Thursday, March 17, 2011

Thursday of the First Week of Lent

- Michael Koziara, '11

There are a lot of naysayers about prayer. It can be hard to believe that all we have to do is “Ask and it will be given to you.” They say that God has never given them what they actually wanted. They say that they've waited long enough and give up. They say that God doesn't care enough about them. They say God is too busy trying to bring peace in the Middle East or save lives in earthquake-stricken Japan. Rightly frustrated by life experiences and emotional roller-coasters, they don't see God granting wishes right and left.

Some say that God doesn't give us more than we can handle, but I was struck recently when someone proposed to me that hat's not true. For by giving us more than we can handle without Him we are forced to turn to Him.

It is not receiving God's help that's the problem. He works through others, He works through ourselves. The paitience part can be challenging, but the most difficult part is the asking – and knowing what to ask for. Think about it for a minute. In the Garden of Gethseneme, Christ asked that “this cup pass him by” but more importantly that His “Father's will be done.” The following day, Christ was able to carry out his the Father's will, and was supported by Simon of Cyrene. Christ left his suffering up to the Father, shouldn't we?

Instead of asking God to eradicate suffering, we should ask Him to help us through it and allow Him to work through it. We ought to ask for His grace, for fortitude and endurance, and for transformational suffering. As a slave, the young St. Patrick turned to God in prayer. His prayers were not answered with freedom for six long years, but St. Patrick later wrote that: “The love of God and his fear grew in me more and more, as did the faith, and my soul was rosed...” St. Patrick's asked for – and received – not an end to suffering but spiritual growth, a greater love for God that ultimately empowered him to convert the Emerald Isle. Similarly, in today's first reading, Esther asked not to be relieved of her struggle, but to be given the strength, fortitude, and grace to reach out to King Ahasuerus. Like St. Patrick, Esther knew what to ask for, and God blessed her request and and granted her success.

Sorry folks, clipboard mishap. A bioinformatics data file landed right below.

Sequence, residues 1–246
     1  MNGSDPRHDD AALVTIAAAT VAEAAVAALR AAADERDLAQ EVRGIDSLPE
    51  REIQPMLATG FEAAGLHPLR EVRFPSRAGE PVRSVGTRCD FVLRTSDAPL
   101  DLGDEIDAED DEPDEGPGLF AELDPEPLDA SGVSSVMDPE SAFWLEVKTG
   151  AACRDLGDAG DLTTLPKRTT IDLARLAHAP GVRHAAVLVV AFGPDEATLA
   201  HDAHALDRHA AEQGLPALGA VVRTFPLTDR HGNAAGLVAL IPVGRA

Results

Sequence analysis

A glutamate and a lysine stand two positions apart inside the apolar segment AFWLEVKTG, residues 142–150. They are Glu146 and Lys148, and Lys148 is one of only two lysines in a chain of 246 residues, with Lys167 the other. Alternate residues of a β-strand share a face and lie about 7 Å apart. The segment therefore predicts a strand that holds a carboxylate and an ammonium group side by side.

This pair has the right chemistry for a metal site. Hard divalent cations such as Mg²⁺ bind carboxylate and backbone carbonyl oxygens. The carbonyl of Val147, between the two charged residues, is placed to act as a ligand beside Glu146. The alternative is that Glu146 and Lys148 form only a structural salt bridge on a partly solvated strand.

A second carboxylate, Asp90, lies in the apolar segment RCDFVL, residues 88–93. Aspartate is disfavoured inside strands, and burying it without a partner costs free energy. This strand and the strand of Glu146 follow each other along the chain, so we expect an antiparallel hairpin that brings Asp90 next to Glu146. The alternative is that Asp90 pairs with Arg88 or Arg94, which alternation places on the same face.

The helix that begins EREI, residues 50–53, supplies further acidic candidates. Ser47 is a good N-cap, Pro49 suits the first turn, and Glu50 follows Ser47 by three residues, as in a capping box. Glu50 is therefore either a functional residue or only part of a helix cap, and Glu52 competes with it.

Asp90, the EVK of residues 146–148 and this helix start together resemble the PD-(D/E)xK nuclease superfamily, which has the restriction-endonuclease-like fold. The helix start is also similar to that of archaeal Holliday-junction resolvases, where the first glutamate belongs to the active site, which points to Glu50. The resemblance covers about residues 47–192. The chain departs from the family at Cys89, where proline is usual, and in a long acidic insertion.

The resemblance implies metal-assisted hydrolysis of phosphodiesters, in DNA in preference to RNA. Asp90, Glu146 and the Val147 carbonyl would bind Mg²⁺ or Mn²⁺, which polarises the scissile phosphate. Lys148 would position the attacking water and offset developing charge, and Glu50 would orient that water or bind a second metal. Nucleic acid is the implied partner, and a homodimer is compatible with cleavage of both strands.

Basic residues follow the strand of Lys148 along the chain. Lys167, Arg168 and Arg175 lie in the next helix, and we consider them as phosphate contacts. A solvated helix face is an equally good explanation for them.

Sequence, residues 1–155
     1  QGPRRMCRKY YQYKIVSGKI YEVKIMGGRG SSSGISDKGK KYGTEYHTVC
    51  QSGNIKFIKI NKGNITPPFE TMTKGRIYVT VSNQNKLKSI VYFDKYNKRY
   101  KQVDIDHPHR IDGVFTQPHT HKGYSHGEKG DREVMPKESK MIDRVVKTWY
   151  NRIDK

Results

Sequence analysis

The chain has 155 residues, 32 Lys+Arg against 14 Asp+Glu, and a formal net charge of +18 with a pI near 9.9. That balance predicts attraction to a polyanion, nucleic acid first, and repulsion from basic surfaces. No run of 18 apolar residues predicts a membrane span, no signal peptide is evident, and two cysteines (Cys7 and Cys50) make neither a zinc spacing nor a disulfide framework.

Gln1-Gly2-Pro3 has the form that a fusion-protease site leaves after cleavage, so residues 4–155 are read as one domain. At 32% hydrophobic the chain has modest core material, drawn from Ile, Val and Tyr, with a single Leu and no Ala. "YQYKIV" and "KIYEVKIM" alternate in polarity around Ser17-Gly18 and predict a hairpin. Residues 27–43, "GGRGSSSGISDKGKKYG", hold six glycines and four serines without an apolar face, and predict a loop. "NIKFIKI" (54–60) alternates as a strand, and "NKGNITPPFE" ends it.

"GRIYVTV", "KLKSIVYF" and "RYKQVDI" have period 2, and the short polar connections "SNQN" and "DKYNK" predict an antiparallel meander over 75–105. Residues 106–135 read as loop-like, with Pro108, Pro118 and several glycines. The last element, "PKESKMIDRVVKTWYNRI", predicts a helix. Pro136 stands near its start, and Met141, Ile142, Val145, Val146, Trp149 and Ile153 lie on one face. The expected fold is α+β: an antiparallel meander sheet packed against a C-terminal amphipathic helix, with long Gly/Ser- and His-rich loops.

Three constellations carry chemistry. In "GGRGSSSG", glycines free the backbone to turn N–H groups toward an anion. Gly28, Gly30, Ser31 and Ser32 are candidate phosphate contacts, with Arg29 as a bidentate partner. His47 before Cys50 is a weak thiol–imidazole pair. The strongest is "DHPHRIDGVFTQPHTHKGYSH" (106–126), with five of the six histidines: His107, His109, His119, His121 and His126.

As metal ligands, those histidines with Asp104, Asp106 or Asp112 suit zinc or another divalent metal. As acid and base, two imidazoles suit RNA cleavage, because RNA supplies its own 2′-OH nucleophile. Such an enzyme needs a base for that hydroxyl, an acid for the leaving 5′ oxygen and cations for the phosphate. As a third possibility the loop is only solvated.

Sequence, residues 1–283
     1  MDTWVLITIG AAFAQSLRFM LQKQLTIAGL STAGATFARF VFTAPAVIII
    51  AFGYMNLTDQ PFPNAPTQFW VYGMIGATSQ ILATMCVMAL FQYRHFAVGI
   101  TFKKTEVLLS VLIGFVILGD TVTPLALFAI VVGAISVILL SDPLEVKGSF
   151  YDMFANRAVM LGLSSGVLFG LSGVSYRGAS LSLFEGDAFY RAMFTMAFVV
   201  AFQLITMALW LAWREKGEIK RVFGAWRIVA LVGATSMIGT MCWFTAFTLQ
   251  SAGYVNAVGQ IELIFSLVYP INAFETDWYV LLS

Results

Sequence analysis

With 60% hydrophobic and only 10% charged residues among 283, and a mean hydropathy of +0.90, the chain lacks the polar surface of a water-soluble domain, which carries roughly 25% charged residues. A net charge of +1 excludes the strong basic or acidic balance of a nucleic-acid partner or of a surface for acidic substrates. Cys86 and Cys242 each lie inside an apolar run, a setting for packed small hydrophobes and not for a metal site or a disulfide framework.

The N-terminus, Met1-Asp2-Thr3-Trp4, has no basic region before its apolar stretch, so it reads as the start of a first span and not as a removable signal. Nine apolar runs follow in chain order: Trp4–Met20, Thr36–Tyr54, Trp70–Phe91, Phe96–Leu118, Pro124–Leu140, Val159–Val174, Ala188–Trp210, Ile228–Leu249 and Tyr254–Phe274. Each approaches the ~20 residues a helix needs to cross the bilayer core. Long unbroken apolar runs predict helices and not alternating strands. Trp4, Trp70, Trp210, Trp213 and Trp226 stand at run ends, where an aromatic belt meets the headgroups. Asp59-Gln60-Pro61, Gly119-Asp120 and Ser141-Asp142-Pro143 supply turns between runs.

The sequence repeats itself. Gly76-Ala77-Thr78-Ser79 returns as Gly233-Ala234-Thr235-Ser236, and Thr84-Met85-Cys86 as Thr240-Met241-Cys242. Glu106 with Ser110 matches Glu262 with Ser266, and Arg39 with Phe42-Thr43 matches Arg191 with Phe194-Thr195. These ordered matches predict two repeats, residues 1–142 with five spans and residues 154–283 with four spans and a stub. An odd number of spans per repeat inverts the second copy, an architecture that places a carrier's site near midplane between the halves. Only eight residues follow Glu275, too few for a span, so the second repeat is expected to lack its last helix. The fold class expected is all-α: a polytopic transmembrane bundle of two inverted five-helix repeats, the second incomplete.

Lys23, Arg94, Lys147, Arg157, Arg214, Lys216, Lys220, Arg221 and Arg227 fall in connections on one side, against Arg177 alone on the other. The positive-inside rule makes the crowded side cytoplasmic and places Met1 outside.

We strive to be like Christ, to be like the saints and faith ancestors. One way we can do that is by not just praying, but knowing what to pray for. For then, what we seek “will be given” to us.

1 comment:

Anonymous said...

Michael, I appreciate your reflection. It is great to see students making use of technology to improve the prayer life of others. Happy St. Patrick's day!

Flute playing priest finds YouTube fame